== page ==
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More rumours out of Europe triggered another late day sell off in the stock markets.First, the scoreboard:

Dow: -72.4 pts, -0.6%
S&P 500: -15.5 pts, -1.3%
NASDAQ: -53.4 pts, -2.0%

And now, the top stories:

  • Europe had already made headlines again with the downgrade of Spain last night and the protests in Greece today.
  • The U.S. trading day was set up with a flurry of earnings last night and this morning.  Most notably was last night’s Apple earnings announcement, which missed expectations for the first time in years. Disappointing iPhone sales were to blame, but the weakness could’ve been due to Apple fans waiting for the next generation iPhone, which was released earlier this month.  Despite excuses, the stock sank 5.6%, dragging the Nasdaq  and S&P 500 down with it.
  • Another tech company that announced earnings last night was Intel, which crushed expectations.  Shares of the Dow stock jumped 3.6%.
  • Insurance giant travellers missed earnings expectations, thanks to catastrophe related claims tied to Hurricane Irene and Tropical Storm Lee.  However, the company made more money selling higher priced insurance policies.  Share jumped 5.7% to edge out Intel as the top performer in the Dow Jones Industrial Average.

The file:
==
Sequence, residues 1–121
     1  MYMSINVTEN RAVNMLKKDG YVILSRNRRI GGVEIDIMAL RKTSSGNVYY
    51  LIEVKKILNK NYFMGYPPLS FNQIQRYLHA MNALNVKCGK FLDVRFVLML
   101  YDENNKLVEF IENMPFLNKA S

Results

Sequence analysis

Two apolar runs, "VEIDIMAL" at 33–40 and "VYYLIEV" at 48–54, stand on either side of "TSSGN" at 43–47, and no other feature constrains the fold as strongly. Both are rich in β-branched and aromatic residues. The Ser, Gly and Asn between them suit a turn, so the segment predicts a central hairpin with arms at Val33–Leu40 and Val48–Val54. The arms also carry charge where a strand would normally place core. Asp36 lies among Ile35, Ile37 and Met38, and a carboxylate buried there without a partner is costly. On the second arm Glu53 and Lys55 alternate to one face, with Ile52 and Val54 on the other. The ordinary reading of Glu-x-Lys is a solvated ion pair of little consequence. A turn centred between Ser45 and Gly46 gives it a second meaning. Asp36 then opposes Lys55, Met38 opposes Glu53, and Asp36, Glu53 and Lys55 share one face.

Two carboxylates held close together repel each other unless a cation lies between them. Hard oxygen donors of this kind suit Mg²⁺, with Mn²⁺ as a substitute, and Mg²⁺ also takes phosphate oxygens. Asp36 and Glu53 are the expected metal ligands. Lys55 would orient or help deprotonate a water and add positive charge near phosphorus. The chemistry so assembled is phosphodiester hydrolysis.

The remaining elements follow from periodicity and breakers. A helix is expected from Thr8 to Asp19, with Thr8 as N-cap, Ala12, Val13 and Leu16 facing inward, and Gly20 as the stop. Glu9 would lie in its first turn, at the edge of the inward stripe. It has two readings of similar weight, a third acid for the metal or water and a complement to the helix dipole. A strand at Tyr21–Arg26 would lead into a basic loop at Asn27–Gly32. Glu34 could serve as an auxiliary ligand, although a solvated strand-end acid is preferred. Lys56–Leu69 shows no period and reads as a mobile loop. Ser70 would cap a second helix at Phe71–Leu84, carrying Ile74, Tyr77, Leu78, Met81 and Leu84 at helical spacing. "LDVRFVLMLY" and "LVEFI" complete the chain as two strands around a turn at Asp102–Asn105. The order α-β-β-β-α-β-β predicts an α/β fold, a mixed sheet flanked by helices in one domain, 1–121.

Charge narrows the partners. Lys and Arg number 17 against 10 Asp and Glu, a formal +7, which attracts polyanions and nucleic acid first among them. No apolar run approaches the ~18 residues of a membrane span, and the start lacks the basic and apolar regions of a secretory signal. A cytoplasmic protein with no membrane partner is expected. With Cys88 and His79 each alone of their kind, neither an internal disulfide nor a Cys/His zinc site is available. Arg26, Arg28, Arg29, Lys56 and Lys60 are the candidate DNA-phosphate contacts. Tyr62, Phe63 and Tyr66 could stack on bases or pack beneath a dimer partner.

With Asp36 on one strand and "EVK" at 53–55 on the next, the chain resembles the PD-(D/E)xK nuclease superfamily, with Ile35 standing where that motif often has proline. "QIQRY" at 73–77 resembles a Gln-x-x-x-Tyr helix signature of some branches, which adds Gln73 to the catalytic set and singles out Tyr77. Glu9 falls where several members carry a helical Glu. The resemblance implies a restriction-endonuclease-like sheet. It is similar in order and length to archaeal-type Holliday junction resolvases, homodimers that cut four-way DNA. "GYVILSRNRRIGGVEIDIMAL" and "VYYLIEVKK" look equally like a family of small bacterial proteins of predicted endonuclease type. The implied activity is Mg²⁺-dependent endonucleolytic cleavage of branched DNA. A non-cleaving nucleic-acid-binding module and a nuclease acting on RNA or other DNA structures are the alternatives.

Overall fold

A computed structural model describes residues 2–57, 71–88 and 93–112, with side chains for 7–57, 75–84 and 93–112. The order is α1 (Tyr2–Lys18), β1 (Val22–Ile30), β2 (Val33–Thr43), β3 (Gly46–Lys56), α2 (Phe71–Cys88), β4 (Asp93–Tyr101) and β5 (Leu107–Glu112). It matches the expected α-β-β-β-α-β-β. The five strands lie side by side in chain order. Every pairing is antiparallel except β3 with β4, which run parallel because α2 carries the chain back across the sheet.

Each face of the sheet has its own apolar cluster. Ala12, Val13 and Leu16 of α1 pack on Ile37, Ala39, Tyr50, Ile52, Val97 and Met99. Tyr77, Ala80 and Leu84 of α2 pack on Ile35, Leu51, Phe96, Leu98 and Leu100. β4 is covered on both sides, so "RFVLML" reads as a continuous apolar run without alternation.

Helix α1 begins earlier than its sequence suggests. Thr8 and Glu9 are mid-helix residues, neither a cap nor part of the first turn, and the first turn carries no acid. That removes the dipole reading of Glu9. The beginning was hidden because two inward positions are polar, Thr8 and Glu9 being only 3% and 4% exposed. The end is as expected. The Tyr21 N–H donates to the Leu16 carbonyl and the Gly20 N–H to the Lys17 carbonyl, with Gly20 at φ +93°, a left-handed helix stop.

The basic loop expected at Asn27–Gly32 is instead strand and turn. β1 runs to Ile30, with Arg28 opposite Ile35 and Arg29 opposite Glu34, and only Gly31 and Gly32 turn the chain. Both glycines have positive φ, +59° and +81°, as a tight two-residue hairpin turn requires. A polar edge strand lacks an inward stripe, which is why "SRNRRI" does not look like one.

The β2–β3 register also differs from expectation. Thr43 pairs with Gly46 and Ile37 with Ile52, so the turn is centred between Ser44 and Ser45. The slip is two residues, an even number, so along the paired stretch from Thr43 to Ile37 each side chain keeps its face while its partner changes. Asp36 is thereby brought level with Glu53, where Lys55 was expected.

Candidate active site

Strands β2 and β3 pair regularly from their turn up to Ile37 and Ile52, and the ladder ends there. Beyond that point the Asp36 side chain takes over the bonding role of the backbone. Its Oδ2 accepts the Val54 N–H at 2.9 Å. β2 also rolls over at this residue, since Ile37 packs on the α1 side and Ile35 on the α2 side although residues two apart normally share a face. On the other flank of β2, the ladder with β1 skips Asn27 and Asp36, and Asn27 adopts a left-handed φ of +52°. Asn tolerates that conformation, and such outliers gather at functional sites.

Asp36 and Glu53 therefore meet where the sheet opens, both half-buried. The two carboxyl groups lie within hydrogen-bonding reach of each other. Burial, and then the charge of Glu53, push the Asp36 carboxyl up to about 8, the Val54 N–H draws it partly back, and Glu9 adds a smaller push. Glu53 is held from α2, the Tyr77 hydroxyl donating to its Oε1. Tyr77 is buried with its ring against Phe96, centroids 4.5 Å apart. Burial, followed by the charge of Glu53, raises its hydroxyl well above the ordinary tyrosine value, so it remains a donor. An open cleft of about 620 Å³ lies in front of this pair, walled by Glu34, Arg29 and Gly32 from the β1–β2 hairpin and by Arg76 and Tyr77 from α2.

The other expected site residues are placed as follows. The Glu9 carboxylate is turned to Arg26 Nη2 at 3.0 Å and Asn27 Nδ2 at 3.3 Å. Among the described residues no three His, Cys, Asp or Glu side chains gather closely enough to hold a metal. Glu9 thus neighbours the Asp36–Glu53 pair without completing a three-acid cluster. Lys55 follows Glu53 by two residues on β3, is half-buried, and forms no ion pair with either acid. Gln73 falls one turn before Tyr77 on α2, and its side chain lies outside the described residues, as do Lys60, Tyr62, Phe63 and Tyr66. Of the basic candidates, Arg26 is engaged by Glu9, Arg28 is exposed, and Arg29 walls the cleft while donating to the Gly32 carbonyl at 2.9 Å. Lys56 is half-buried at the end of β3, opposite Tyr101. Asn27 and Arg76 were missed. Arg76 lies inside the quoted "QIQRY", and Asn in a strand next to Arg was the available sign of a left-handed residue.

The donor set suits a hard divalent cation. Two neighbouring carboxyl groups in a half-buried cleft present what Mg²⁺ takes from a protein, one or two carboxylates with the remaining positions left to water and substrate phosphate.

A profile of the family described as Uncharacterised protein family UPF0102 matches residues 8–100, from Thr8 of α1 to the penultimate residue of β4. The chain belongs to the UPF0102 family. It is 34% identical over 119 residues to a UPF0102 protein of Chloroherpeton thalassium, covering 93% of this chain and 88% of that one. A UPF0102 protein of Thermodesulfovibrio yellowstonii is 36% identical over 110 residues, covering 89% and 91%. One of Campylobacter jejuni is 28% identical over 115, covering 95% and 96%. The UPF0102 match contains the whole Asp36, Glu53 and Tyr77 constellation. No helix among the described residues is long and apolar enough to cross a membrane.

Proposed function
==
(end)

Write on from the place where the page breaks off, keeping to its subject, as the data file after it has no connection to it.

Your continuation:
• Morgan Stanley came out with better-than-expected earnings, which were helped by some accounting items.  Also, the bar may have been set low, thanks to weeks of speculation regarding exposure to beleagured French banks. In fact, the bank reported negative net exposure to french banks, and the stock climbed.  The stock traded positively early in the day.
  • Two pieces of economic data came out at 8:30 am.  September CPI came in right in line with expectations at 0.3%.  Housing starts crushed expectations jumping 15% to an annualized rate of 658k.
  • Stocks were mixed throughout the day, but they started to sell off late in the afternoon.  Some attributed weakness to the release of the Beige Book.  The basic message of the anecdotal guide to the economy was that the economy grew at a moderate pace in September, which wasn’t exactly news.
  • We think the real backbreaker to the markets was a Reuters report that said French President Nicolas Sarkozy said eurozone debt talks were stuck.  This was ahead of an unscheduled meeting today among EU leaders.
  • In another late rumour, the FT reported that the European bank recapitalization plan would be smaller than expected.
  • On a separate note, shares of Green Mountain Coffee tumbled again. For more on that…
  • Don’t Miss: David Einhorn’s Presentation That Absolutely Destroys Green Mountain Coffee

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